Making Spiced Pumpkin Ales

Okay I’ll admit that, though it gets easier with time and experience, home brewing is never quick. but jazzing up your beer into a more hearty holiday offering may be easier than you think, and if you have an un-carved pumpkin sitting on your doorstep like I do, you can still use it before it rots or gets smashed. It could help you get smashed!

Spiced Holiday Ales and Pumpkin Ales
A simple way to spice things up is to add some spice to your pale ale, brown ale or porters and you’ll create a nice winter warmer for the holidays. Add pumpkin puree to your fermenter, or near the end of the boil, and you’ll get a nice spiced pumpkin ale.

When adding fruits or spices to your beer you first need to adjust your hops. Bitterness and various floral components of hops can interfere with the effect you are trying to achieve. To keep it simple, stick with hops that have a mid to lower alpha acid content (8% or less) and also have complimentary aromas.

Good Hops for Spiced Holiday Ales and Pumpkin Ales
Hops with pine, spice, citrus or floral notes fit right in with Fall and Winter ales. Some good choices for this type of beer might be Cascade, Athanum, Fuggles or Kent Goldings. A suitable yet more fruity and floral, and somewhat spicy hop would be Crystal. While some of these may be used for bittering, their AA% is lower than more aggressive bittering hops. Also, you will add less hops than usual, only an ounce or so for a 5 gallon batch, and add them in the last 10 minutes of the boil, to extract only aromatic compounds.

What Spices Should You Use, and How Much to Add?
Common spices used for making holiday ales are clove, cinnamon and nutmeg. Even some corriander or ginger can add a nice spicy note to a beer. Use spices sparingly though, especially the heartier nutmeg, clove and cinnamon, they can ruin a beer if too much is used.

Spiced ales and oak aged beerSpices can be very overpowering, and will continue to spice the beer as it sits, so consider steeping the spices within the last 10 minutes of the boil, or add the spice to the secondary, whole in the case of cinnamon, or coarsely ground nutmeg and clove, in hopsacks or nylon stockings.

If you add them in powdered form and leave them in suspension they will continue to add spice, making the beer eventually undrinkable.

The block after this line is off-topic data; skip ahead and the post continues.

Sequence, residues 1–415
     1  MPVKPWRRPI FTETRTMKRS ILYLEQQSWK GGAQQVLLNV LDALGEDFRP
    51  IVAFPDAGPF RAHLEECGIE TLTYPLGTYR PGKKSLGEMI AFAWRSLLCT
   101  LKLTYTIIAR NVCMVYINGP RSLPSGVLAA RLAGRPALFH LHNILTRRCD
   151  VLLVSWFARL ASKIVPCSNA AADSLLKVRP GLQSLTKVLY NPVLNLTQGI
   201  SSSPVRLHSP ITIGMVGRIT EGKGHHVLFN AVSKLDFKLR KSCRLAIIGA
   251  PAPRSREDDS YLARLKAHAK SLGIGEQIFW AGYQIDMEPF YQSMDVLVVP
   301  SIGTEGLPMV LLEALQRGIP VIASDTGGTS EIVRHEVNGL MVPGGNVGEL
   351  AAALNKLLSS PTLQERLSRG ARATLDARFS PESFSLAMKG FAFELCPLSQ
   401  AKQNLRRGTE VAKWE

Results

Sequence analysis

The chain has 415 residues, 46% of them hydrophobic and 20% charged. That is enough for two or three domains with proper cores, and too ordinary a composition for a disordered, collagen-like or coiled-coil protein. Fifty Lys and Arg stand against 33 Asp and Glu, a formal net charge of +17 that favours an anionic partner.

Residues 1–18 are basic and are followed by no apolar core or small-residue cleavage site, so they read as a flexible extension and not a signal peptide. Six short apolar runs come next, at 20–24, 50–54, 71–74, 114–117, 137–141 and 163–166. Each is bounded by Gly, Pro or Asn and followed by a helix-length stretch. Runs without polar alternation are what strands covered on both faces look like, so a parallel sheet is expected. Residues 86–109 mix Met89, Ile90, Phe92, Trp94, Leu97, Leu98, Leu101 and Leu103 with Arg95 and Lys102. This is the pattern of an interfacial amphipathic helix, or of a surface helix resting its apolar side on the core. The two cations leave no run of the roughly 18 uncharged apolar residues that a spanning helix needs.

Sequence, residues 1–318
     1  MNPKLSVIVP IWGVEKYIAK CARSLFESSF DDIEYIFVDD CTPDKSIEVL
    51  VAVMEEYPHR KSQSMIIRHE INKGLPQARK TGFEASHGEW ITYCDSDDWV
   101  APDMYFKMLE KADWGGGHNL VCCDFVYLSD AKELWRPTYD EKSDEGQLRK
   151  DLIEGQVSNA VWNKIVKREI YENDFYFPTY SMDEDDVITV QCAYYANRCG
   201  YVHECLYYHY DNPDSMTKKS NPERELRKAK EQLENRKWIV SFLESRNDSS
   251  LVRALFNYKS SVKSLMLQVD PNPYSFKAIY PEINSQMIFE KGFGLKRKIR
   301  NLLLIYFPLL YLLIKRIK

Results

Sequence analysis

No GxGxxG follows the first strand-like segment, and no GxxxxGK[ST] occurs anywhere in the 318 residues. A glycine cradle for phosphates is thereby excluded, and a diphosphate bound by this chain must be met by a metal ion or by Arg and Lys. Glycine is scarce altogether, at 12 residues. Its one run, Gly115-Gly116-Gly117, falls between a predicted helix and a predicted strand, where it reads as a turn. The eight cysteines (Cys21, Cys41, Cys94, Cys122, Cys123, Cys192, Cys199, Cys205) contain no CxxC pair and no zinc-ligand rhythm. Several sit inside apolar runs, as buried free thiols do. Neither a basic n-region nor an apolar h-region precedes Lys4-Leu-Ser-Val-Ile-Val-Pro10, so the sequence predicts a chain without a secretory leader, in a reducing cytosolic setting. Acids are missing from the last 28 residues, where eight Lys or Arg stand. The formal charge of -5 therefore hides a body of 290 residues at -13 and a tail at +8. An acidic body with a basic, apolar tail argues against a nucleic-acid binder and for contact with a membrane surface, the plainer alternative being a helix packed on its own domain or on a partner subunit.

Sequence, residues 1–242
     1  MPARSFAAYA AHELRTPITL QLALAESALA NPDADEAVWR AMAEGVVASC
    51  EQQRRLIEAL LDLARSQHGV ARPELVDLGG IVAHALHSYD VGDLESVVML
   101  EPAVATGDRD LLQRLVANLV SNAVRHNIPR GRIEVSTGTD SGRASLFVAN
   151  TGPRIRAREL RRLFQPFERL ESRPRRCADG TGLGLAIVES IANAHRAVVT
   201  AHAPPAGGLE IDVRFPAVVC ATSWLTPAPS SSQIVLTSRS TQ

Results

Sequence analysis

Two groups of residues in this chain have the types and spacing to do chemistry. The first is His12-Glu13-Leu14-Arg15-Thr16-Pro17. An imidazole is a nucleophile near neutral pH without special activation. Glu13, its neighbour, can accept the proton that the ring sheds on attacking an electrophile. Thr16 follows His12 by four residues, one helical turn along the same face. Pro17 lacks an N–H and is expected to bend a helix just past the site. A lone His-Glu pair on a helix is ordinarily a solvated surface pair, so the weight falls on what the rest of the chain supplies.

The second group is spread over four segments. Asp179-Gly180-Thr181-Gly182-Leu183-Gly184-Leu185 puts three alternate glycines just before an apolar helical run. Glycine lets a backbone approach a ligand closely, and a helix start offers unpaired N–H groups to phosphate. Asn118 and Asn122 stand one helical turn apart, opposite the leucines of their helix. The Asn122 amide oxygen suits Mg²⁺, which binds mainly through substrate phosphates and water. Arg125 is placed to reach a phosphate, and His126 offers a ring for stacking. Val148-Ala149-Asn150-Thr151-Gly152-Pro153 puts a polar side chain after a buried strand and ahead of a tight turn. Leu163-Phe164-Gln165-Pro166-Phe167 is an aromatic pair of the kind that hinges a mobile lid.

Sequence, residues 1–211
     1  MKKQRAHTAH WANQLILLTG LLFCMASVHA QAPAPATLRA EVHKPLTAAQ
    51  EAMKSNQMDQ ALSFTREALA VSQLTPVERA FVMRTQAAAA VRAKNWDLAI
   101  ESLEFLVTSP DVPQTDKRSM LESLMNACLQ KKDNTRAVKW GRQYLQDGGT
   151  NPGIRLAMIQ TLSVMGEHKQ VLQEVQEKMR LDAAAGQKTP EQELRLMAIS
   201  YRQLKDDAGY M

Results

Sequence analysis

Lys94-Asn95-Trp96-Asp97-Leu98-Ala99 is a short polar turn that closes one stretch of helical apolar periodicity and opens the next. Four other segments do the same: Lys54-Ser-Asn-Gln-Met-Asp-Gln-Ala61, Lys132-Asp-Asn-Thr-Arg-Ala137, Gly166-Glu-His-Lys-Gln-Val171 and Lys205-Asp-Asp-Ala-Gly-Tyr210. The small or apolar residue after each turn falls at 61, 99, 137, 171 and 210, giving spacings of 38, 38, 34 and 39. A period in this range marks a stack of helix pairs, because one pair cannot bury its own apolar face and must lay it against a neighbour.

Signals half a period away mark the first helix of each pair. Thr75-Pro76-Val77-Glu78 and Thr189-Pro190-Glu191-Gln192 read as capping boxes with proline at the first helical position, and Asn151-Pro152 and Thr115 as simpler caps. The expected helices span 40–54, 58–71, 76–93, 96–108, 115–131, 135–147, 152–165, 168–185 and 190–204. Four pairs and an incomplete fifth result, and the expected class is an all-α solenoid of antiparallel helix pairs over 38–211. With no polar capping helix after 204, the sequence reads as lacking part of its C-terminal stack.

Since we’re trying to affect the nose, it’s probably a better idea to just steep the spices in the last 10 minutes of the boil, as you would with aroma hops. This will also cut down on potential contamination that is possible when adding things to the fermenter.

For cinnamon, nutmeg and clove keep the addition below an ounce or so for a 5 gallon batch. You can use a little more, 1 1/2 ounce say, for things like corriander and ginger.

Adding some orange peel is also a good way to compliment the spice and add a pleasant citrus note to the finished beer. You can zest an orange yourself or find dried orange peel at your local homebrew supplier or try the Sweet Orange Peel at MoreBeer.com.

A blend of these spices, along with the orange peel and hops mentioned above, makes for a very interesting and fulfilling experience.

Making a Spiced Pumpkin Ale
Now that you have some spice, take your beer to another level by adding some pumpkin notes to the flavor and aroma.

The easiest way to do this is with a can of pumpkin puree, but in some cases pumpkin puree may lead to a sweet, rich pumpkin pie flavor, which might not be what you’re shooting for. In my opinion, residual sweetness in an ale, especially holiday ales, should come from the malt, not adjunct sugars.

For a true pumpkin flavor and aroma try using a real pumpkin. If you’re brewing your seasonal in the early fall you should be able to find one around.

If you’re brewing an extract recipe you will add the pumpkin to the boil. Pop the top, scoop out the pumpkin guts and take out some meat, cut it into 1 inch cubes and carmelize to strengthen the flavor. You will want to use about one pound of pumpkin, that’s a good starting point.

To carmelize the pumpkin, heat a large skillet over medium heat and arrange the pumpkin in a single layer if possible. Cook for about 10 minutes, stirring or rolling the pumpkin to heat it evenly. After that, let it cool, then mash it up and you can store it in the fridge until you use it.

Add the carmelized pumppkin to the wort during the last 10 to 15 minutes. Longer time in the boil will impart more pumpkin flavor and aroma, less time will have more effect on the aroma.

If you’re doing an all grain batch you can roast the pumpkin and use it in the mash. There is a great guide to making an all grain pumpkin ale at the American Homebrewers Association website.

What else can you do with a pumpkin? Why not make it into a keg!

Hope this helps you get a good start on holiday brewing. Enjoy, and as always, Happy Brewing!